Jennifer Alford


Jennifer Alford

Jennifer Alford began developing her genealogy knowledge after losing all of her remaining grandparents in the span of six months. When she realized how little she knew of her grandparents’ lives she began to pester her parents for stories of the past. Over the years, Jen has found wonderful friendships in the diverse group of genealogists she has come to know. Her own family research has focused on Jewish heritage and her ancestors’ home states of Indiana, Maine, Michigan, and Arkansas.

JenealogyThrough her primary job is as a Traffic Engineer for a private consulting firm she has found that her work experience translates well to her genealogy business.  Her strong organizational skills and use of logic and methodology as an engineer is highly beneficial to genealogy research. Other artistic pursuits include calligraphy, oil painting, embroidery, sewing, scrap booking, and photography.  All of these interests are combined in the development of beautiful personalized artwork for her clients.

Jennifer Alford is Publisher of Going In-Depth, IDG's monthly digital magazine. She is also the author of IDG's semi-monthly column, Jewish Genealogy.

Go In-Depth with Jen:

What is one tip you would give a newbie genealogist?
Interview your oldest relatives right away and share with your family any brick walls that you may discover along the way. More details often come to light after each retelling of a story or a new family member is included in your research.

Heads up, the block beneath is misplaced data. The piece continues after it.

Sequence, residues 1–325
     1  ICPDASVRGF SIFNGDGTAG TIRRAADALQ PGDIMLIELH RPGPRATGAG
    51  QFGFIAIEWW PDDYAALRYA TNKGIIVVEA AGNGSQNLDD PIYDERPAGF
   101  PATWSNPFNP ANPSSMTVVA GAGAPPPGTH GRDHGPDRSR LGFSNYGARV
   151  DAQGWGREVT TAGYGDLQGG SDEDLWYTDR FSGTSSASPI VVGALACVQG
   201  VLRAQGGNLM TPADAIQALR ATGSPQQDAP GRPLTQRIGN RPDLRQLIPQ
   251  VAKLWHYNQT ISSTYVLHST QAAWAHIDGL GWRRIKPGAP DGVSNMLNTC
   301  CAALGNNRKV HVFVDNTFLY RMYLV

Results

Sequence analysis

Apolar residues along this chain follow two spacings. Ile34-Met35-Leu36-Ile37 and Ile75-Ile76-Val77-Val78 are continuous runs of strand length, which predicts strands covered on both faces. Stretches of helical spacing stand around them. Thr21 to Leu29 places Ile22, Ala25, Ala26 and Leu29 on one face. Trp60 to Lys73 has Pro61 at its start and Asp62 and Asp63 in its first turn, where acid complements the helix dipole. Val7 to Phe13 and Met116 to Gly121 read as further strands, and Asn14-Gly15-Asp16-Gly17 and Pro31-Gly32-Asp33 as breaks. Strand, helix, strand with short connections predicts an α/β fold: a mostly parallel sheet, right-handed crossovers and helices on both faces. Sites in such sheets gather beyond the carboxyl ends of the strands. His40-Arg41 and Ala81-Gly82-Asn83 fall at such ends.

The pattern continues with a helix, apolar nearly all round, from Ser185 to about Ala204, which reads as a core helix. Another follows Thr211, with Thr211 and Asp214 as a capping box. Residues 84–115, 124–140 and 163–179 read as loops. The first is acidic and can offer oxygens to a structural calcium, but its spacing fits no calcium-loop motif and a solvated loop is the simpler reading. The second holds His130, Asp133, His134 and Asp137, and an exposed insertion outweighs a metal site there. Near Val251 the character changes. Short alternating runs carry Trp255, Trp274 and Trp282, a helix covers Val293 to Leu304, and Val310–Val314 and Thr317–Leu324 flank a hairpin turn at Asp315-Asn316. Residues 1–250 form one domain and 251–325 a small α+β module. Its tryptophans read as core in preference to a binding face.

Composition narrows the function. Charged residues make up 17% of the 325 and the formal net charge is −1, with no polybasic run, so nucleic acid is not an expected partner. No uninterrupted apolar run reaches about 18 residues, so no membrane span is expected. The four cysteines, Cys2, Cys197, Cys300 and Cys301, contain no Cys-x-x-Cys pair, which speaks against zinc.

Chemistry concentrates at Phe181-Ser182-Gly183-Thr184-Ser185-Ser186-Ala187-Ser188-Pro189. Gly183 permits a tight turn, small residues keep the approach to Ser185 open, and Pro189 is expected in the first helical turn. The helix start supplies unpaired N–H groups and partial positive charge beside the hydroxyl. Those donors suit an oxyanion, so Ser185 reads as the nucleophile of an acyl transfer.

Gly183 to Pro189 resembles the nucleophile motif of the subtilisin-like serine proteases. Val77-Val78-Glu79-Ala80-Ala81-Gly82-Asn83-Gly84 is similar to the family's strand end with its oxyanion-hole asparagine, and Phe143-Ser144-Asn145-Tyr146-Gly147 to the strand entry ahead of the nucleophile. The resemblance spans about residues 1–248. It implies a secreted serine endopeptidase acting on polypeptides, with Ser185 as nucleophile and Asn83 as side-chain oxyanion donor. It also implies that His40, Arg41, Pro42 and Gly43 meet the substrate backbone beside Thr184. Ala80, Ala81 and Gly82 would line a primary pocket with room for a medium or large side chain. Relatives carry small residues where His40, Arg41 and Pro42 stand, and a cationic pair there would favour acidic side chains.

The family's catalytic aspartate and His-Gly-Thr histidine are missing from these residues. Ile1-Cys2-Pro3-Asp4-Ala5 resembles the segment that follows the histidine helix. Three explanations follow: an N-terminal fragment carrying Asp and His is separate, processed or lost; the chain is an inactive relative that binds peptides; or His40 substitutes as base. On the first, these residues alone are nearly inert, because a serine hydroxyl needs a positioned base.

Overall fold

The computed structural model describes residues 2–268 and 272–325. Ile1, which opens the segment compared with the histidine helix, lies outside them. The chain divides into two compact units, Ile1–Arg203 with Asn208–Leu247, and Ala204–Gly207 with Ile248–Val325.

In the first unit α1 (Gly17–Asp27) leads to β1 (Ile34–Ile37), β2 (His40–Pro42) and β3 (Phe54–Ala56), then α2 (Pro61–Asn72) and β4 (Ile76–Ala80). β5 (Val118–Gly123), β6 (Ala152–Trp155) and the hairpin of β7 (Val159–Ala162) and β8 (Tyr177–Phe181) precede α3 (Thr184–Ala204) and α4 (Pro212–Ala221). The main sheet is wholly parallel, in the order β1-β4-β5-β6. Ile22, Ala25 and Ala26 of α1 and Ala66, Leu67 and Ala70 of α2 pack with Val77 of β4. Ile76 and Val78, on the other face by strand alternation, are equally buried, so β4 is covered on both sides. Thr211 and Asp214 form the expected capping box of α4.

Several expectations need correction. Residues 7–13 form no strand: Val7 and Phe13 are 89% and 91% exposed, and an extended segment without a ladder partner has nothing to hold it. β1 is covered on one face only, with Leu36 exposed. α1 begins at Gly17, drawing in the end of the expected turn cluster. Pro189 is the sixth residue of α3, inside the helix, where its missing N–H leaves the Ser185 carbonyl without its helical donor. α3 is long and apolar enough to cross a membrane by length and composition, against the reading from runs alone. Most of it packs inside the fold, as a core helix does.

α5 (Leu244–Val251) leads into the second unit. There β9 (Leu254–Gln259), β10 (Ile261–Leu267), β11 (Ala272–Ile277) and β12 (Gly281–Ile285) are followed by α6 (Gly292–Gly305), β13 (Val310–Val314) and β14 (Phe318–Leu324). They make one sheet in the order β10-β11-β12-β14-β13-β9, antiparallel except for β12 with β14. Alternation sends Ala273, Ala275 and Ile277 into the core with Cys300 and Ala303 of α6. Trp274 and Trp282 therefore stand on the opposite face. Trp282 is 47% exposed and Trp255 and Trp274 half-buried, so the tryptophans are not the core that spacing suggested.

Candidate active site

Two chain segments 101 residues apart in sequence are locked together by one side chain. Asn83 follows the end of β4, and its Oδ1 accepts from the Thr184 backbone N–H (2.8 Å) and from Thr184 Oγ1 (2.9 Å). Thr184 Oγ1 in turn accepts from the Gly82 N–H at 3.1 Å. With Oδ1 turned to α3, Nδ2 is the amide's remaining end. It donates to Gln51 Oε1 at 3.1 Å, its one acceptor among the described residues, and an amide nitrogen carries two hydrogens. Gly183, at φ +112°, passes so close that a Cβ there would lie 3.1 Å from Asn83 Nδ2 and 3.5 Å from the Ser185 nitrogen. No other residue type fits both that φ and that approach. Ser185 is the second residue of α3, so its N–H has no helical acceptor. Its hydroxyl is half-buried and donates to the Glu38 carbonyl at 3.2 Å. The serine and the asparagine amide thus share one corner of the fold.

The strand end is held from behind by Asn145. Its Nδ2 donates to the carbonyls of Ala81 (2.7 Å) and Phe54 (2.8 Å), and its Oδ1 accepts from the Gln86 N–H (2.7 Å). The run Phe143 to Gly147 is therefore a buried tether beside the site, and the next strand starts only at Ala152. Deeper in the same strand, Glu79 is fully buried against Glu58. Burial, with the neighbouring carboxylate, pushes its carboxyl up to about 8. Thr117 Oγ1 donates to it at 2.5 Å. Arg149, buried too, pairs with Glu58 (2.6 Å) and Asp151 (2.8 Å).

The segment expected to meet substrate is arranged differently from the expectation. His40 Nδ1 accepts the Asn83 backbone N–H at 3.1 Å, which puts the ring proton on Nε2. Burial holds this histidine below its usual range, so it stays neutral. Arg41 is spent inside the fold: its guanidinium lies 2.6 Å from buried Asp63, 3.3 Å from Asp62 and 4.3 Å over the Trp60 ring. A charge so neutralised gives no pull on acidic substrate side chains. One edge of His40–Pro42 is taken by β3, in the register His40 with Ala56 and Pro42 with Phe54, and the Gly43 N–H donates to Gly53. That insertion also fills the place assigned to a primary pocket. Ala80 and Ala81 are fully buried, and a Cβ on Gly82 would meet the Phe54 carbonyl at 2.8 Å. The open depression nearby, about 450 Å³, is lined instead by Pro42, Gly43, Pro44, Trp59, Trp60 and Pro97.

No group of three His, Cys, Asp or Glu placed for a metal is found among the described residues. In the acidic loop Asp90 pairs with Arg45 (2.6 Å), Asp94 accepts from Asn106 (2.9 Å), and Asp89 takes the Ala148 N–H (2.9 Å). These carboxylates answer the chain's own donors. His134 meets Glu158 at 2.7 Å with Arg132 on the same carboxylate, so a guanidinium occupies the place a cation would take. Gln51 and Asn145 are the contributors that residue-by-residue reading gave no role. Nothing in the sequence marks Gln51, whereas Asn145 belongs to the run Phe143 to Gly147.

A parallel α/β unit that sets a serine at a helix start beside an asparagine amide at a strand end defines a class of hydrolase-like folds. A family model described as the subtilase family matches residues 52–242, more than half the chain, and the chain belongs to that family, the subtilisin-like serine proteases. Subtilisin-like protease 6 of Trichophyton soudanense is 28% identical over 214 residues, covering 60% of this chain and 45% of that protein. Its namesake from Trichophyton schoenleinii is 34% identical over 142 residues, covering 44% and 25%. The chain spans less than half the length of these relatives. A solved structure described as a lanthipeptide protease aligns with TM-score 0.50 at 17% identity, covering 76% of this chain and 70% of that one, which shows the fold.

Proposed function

What is your favorite Repository?
I love libraries and no matter where I go I manage to find something wonderful about them. The Allen County Public Library is certainly at the top of my list due to the sheer variety and depth of their holdings.

What is your favorite blog post from your personal website?
Krueger Family Discovery 
is one of my favorites as it highlights one of my biggest genealogical finds to date. Learning of my great-grandfather’s birthplace in Russia really was an exciting moment for me.

What are your feelings about adding non-blood related lines into your research? (ie...adoptive, step families, etc...)
As a child of divorce I am a firm believer in including those people in your research that you consider family. My stepfather’s family is just as close to me as my blood lines are and so I find it fulfilling to find out more about his family too.

Find Jen on Social Media:

Jennifer Alford’s Reprint Policy:

You have permission to reprint articles that have been written by Jennifer Alford appearing on The In-Depth Genealogist, except any articles published in Going In-Depth, according to the following requirements are met:

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Biography:

© 2015 Jennifer Alford

Jennifer Alford is a freelance writer, artist, and professional genealogist specializing in research in Jewish genealogy and the Midwest. You can learn more about her services at Jenealogy (www.jenealogy.biz). As the owner of Jenealogy she creates engaging family history treasures to enhance the bond between generations. Her love for photography, calligraphy, embroidery, storytelling, and history have all combined in her blog and unique products. Jennifer Alford is Publisher of Going In-Depth, IDG's monthly digital magazine. She is also the author of IDG's semi-monthly column, Jewish Genealogy.

This article originally appeared on The In-Depth Genealogist and can be found here. [insert original link]